You have done testing to determine whether you have a genetic predisposition to certain medical conditions. The results come back: You do. This is important information for you and your doctor to make more informed decisions about your health care. But now that you know, are there circumstances in which you should be required to disclose the results to others?
The heart of the debate about one’s privacy in genetic testing concerns whether an individual may suffer discrimination where it is or may be determined that he or she is genetically predisposed to a particular disease. This is the heart of Bill S-201, an act to prohibit and prevent genetic discrimination.
Those in favour of robust protections caution that required disclosure of genetic results may have a chilling effect on undergoing testing. The argument goes that, for many, the risk of discrimination (namely in the employment and insurance contexts) could outweigh the benefits of information that could lead to more personalized and efficient health care. That is, some people would opt out of genetic testing despite its profound potential benefits.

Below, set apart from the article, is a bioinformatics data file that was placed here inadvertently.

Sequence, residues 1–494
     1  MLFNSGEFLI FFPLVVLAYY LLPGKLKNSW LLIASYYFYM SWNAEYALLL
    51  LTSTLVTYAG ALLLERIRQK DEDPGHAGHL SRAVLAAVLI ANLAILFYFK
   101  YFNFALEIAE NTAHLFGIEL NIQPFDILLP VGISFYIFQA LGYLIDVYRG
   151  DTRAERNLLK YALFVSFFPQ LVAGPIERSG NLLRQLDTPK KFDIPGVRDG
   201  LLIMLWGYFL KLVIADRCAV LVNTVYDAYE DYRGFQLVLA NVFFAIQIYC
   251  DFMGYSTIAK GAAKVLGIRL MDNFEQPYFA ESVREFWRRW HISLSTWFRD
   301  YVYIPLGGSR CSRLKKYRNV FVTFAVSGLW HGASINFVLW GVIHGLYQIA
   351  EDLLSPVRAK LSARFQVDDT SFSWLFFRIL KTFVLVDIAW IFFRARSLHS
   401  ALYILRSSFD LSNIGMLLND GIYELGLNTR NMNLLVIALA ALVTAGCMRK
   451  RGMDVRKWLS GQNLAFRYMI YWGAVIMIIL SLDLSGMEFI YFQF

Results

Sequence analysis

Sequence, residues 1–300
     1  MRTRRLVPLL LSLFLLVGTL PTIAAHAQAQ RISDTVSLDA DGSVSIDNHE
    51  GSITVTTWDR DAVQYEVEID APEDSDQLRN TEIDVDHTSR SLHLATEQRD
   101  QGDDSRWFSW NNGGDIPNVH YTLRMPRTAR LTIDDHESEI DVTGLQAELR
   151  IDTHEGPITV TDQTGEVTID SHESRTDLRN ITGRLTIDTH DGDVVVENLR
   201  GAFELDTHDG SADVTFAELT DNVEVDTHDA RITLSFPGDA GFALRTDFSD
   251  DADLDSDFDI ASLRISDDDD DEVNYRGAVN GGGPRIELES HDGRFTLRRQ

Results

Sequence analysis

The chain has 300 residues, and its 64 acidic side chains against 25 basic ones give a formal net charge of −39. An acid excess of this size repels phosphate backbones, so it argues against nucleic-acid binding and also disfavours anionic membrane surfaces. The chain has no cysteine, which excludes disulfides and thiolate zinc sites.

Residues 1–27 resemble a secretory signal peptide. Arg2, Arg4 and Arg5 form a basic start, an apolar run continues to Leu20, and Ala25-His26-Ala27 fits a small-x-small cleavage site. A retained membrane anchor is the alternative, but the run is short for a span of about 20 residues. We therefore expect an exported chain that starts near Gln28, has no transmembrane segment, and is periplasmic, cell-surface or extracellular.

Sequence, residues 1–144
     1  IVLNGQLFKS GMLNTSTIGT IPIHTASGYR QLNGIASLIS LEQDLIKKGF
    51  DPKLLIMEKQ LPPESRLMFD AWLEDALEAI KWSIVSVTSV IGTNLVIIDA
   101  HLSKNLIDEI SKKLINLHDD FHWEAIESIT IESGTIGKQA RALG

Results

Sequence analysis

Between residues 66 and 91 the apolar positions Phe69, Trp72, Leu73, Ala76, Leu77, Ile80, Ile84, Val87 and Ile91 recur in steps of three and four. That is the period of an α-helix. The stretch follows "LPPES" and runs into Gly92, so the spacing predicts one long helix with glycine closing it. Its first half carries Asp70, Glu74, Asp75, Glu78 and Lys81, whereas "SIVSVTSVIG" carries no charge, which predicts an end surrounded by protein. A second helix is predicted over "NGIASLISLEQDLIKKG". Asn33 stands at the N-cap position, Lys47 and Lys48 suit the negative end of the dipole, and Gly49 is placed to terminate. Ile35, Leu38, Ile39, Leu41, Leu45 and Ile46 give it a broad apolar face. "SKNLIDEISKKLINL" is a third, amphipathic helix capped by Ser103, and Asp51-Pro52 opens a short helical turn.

Those in favour of select disclosure, including the insurance industry, underscore the relevance of genetic information in certain contexts, particularly for the purposes of risk assessment and risk pooling, upon which insurance products are built. For instance, where an applicant for life insurance has information regarding her increased risk to a potentially life-threatening condition, this information is critical to the risk assessment in determining her insurance premiums. The Canadian Institute of Actuaries (CIA), in a research paper proposing amendments to the bill, concluded that if insurers are not able to access the results of genetic tests, “the impact on insurance companies will be substantial”, concluding that insurance premiums for term life insurance “could go up by 30 percent for males and 50 percent for females”. This would occur, says the CIA, in order to counter the fact that those with a genetic predisposition to develop a serious health issue would have an incentive to buy more insurance because they would know that since they need not report this predisposition to a prospective insurer, their insurance premiums would be below cost and thus a very good deal.